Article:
Promoting proactive bystander responses to racism and racial discrimination in primary schools: a mixed methods evaluation of the ‘Speak Out Against Racism’ program pilot

Naomi Priest, Oishee Alam, Mandy Truong, Rachel Sharples, Jacqueline Nelson, Kevin Dunn, Kate L. Francis, Yin Paradies, Anne Kavanagh

Research output: Contribution to journalArticlepeer-review

Abstract

Background: Racism and racial discrimination are fundamental causes and determinants of health and health inequalities globally, with children and adolescents particularly vulnerable. Racial discrimination is a common stressor in the lives of many children and adolescents, with growing evidence of negative associations between racial discrimination and multiple domains of child and adolescent health. Addressing racism and racial discrimination must be core public health priorities, even more so among children and young people. Schools are key settings in the lives of children and adolescents and become increasingly more important to identity formation. School communities, teachers and peers greatly influence children and adolescents’ beliefs about race and difference. Schools are therefore key sites for the delivery of population-based programs to reduce racism and promote proactive bystander behaviour and healthy resistance to racism among all children and adolescents as well as among the adults. 

Methods: This study examines the feasibility and acceptability of the ‘Speak Out Against Racism (SOAR)’ program, a whole of school, multi-level, multi-strategy program that aimed to promote effective bystander responses to racism and racial discrimination in primary schools. A mixed-methods, quasi-experimental design was used. Students in Years 5 and 6 (10–12 years) across six schools completed surveys pre- and post- intervention (N = 645; 52% female; 6% Indigenous, 10% Middle Eastern, African, Latinx or Pacific Islander, 21% Asian, 52% Anglo/European). Focus groups with students and interviews with staff collected qualitative data about their experiences of the program and their views about the program’s perceived need, implementation, impacts and suggested improvements.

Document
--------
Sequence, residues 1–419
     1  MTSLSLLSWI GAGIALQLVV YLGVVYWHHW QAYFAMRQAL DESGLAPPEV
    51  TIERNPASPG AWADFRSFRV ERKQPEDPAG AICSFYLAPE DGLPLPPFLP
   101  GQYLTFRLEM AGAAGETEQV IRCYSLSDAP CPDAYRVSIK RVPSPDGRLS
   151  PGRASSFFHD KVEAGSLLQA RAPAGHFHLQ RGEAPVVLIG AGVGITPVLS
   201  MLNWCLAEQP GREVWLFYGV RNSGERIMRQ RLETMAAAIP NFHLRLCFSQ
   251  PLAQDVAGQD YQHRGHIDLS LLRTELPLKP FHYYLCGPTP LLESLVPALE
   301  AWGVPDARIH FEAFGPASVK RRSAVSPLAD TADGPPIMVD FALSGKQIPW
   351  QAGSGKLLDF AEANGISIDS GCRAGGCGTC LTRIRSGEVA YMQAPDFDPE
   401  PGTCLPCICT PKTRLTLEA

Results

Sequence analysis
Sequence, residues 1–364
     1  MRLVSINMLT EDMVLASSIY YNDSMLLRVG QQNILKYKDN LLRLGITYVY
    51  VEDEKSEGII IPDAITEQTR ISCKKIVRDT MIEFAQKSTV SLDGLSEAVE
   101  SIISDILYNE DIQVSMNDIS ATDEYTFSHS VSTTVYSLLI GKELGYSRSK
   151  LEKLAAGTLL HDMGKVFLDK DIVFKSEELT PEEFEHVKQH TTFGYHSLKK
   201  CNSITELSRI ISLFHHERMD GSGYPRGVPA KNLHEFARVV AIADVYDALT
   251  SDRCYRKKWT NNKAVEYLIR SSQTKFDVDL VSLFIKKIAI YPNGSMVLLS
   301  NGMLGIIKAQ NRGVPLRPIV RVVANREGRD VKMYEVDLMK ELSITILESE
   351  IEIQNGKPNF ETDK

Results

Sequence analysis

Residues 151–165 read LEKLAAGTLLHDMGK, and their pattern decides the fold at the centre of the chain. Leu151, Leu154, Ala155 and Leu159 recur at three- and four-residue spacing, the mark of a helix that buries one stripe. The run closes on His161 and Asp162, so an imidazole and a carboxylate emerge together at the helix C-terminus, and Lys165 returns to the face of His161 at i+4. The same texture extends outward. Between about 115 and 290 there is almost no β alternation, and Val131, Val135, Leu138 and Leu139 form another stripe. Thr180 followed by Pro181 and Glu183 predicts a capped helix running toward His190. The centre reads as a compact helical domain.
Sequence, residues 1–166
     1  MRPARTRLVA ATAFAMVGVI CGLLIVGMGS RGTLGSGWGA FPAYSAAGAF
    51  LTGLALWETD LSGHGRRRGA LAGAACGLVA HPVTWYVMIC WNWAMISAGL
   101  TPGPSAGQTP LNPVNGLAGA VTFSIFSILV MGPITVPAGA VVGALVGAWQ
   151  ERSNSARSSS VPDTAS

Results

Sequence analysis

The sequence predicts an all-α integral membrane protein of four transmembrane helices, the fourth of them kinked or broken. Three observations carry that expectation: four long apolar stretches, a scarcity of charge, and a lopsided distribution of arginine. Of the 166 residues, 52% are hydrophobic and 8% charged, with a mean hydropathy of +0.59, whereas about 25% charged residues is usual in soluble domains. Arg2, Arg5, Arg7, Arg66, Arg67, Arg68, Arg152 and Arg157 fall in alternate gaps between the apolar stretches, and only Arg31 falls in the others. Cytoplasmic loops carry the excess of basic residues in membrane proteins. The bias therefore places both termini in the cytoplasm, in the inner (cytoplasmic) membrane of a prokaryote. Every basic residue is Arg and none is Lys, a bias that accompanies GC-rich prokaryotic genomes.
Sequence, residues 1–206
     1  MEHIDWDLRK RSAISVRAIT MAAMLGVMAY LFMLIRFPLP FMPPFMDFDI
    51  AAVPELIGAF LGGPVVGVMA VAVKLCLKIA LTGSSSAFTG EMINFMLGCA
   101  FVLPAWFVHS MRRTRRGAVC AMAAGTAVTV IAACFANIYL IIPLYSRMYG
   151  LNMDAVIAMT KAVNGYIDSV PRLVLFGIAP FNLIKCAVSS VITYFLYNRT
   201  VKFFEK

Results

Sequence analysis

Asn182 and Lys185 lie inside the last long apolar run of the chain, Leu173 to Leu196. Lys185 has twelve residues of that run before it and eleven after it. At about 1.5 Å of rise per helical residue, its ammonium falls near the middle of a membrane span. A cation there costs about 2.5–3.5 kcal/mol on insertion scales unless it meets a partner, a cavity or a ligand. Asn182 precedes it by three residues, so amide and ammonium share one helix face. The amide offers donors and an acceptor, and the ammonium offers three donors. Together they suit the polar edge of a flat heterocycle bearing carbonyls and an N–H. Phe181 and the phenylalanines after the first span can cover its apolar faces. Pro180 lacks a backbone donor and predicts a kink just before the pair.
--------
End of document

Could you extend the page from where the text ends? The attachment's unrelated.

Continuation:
Results: Quantitative data showed student prosocial skills and teacher inter-racial climate improved in intervention schools compared to comparison schools. Qualitative data highlighted teacher attitudinal and behaviour change regarding racism, and student reduced interpersonal racial discrimination, improved peer prosocial norms, commitment to anti-racism, knowledge of proactive bystander responses and confidence and self-efficacy to intervene to address racism. 

Conclusions: This study provides quantitative evidence of the potential of the SOAR program to improve the prosocial skills of students and their perceptions of the inter-racial school climate provided by their teachers. This program also provided qualitative evidence of the potential to promote teacher and student attitudinal and behavioural change. Further refinement and testing of the program in a large scale implementation trial is recommended.

Original languageEnglish
Article number1434
Number of pages17
JournalBMC Public Health
Volume21
Issue number1
DOIs
Publication statusPublished - Jul 2021

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